By chance we visited the Khartoum process in Khartoum, and we were struck that it was nothing to do with Sudan, because they were mainly Ethiopians and Eritreans. I was not sure on what basis those people would be persuaded to go back. It would be useful to know the current status of the Khartoum process, given the state Khartoum is in. Is it an extant programme, or has it stopped?
I am grateful to my hon. Friend. I think the answer is that it is still an ongoing process, but perhaps the Minister can give us a definitive response.
All our migration programmes in Sudan have been suspended in the light of the current political and security situation. We are working with partners including the EU to ensure that all programmes in which the UK has a stake are also suspended. The regional operational centre in Khartoum has been temporarily relocated to Nairobi.
I thank the Minister.
I am conscious of time, so I will draw my remarks to a close. We were disappointed that the Government rejected the recommendation for a coherent cross-Government national UK strategy on displacement and migration. I welcome the fact that the Department has responded positively and has agreed in whole or in part with 31 of the 34 recommendations that directly apply to it, but unless the Government as a whole address the inconsistencies in the policies of different Departments, we are at risk of failing some of the most vulnerable people in the world. It is time for the Government as a whole to practise here in the UK what we preach on the global stage.
It is a great pleasure to serve under your chairmanship for the first time, Mr Evans.
I thank my hon. Friend Stephen Twigg for securing this timely debate and for all the work that he and the International Development Committee do to scrutinise the work of the Department. The Committee’s extremely important report, “Anchors not Walls”, shines a light on the lives of some of the most vulnerable and marginalised people in the world. I was pleased to see the focus on education, which not only is a right but can help to protect girls from forms of exploitation such as trafficking and child marriage—highly pertinent threats for teenage girls in the region.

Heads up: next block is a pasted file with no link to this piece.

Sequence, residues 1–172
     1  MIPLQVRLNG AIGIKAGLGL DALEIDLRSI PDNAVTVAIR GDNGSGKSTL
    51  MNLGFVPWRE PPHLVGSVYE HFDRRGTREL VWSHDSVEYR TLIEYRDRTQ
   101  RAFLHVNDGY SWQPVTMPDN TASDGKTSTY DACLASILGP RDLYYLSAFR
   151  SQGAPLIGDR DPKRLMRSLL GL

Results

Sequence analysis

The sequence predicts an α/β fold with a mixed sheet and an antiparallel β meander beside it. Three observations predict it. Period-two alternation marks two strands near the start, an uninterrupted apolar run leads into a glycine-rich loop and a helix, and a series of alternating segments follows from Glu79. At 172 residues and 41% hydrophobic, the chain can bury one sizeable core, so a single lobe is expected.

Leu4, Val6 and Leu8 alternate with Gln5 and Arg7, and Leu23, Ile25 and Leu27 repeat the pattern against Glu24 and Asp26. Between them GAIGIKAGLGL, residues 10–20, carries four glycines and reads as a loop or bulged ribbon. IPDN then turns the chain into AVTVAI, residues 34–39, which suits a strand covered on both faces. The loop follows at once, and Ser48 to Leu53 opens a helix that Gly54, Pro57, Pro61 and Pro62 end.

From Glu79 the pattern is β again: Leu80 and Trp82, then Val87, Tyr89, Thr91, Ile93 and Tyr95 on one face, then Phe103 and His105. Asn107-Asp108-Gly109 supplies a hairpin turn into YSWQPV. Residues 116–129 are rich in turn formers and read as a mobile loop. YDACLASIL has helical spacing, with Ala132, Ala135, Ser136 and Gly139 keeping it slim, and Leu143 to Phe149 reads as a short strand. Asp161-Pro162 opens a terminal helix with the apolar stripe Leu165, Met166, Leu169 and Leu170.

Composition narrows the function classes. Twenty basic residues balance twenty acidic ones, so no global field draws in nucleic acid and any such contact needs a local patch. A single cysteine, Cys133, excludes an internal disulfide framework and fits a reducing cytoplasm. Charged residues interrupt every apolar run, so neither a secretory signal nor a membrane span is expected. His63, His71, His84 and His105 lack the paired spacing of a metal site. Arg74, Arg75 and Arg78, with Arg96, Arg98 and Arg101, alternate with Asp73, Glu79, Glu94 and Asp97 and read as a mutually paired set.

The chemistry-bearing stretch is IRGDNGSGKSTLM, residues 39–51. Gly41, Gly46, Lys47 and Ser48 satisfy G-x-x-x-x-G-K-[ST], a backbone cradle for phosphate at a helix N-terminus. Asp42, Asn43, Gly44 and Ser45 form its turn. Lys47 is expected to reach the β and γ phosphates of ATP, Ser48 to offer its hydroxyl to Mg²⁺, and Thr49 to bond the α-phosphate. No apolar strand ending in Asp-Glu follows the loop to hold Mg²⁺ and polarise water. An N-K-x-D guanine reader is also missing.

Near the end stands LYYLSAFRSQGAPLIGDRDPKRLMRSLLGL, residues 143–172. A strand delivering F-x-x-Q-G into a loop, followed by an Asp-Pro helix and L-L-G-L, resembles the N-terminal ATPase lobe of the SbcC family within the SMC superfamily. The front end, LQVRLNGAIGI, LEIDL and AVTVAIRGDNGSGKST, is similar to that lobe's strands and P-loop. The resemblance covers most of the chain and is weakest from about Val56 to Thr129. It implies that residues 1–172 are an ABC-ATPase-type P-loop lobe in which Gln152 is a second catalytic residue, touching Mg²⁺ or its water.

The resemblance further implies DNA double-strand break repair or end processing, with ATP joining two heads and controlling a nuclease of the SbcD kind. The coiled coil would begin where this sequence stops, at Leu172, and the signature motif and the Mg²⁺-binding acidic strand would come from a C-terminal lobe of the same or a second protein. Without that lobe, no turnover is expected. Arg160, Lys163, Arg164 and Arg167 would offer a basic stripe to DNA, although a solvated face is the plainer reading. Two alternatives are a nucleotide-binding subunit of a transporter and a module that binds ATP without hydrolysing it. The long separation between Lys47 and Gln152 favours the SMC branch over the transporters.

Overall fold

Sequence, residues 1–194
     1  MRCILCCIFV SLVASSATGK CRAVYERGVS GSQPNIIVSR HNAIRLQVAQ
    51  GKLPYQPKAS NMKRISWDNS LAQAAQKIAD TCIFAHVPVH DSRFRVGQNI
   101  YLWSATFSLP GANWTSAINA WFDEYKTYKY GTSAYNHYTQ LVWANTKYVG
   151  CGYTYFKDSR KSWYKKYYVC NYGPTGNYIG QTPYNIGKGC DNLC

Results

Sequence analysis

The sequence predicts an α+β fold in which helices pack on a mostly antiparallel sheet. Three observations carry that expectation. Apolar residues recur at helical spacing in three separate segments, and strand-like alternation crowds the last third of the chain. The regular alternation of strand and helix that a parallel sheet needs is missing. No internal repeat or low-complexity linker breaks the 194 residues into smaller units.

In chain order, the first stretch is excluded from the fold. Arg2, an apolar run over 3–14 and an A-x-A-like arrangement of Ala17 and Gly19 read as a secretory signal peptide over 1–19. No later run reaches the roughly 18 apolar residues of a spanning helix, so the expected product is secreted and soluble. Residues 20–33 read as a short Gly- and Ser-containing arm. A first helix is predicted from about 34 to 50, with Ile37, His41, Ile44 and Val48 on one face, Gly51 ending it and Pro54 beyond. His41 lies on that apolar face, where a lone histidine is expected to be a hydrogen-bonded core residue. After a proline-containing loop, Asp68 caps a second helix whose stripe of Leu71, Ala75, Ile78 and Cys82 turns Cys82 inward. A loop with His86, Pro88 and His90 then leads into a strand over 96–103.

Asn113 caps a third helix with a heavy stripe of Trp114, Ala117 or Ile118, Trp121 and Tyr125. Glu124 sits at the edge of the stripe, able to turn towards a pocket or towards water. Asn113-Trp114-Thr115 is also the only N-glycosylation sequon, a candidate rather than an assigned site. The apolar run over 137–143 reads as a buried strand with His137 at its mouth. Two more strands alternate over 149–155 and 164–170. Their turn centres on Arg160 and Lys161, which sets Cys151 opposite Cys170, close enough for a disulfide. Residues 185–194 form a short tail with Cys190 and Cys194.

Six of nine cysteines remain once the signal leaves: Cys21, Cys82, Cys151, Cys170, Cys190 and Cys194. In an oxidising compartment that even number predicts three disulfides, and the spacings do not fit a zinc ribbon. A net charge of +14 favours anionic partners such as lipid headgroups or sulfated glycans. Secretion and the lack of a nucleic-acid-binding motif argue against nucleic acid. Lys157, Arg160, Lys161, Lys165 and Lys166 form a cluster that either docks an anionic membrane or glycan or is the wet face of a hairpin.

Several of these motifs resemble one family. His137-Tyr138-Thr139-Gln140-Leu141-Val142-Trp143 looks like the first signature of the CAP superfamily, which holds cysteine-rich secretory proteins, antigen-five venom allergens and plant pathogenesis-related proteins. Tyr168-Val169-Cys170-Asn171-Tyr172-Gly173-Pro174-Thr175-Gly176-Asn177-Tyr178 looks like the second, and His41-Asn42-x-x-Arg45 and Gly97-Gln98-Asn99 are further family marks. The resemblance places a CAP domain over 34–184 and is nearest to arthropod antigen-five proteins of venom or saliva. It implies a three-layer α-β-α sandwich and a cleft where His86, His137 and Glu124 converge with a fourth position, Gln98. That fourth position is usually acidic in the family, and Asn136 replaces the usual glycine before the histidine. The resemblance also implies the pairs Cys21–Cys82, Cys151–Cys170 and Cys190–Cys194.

Like many hon. Members, I remain distraught by the number of people forcibly displaced. One person or family displaced is tragic, but 20 million is horrendous and intolerable. I feel passionately about the subject as a British-born Nigerian and as a representative of Edmonton, which is a special, vibrant and multicultural place. Many of my constituents come from countries such as Nigeria, Ghana, Jamaica, Somalia, Zimbabwe, the Democratic Republic of the Congo, Turkey, Yemen, Uganda or Cyprus—to name just a few. I have not named them all; please do not be offended. Most have ties to countries affected by high levels of displacement.
There are more than 1 million refugees in Uganda, in one of the most progressive arrangements on the planet. The UN High Commissioner for Refugees, Filippo Grandi, said:
“Given the record numbers of people needing safety from war, conflict and persecution and the lack of political solutions to these situations, we urgently need countries to come forward and resettle more refugees”.
CARE International’s report, “Suffering in Silence”, profiled the 10 most under-reported crises around the world, which are due to climate change, conflict and war. They are in North Korea, Eritrea, Burundi, Sudan, DRC, Mali, Vietnam, the Lake Chad basin, the Central African Republic and Peru. They have gone on for far too long and it is the poorest and most marginalised civilians who pay the price.
As chair of the all-party parliamentary group on Nigeria, I strongly support the Committee’s report, particularly its assessment that humanitarian crises in Africa are often overlooked. I want to highlight in particular the hidden crisis unfolding in the Lake Chad basin. One of the most severe humanitarian emergencies in the world, it has displaced more than 2.2 million people, half of whom are children. More than 10.8 million people across Nigeria, Cameroon, Chad and Niger need humanitarian assistance. At times, the crisis seems intractable.
The scourge of violence in Nigeria is under-reported and, sadly, not acted on earnestly by the Federal Government of Nigeria. The crisis in the Lake Chad basin is in its 10th year. Escalating violence, including deliberate targeted attacks on civilians, has characterised the conflict, hindered humanitarian access and rendered any long-term development impossible. Long years of conflict with Boko Haram and the Islamic State in West Africa have perpetuated the humanitarian crisis throughout the four countries of the Lake Chad basin, but the roots of the crisis are long-standing. It is the product of widespread inequality, political marginalisation and competition for scarce resources, particularly water, and other developmental challenges, which have contributed to its severity and complexity.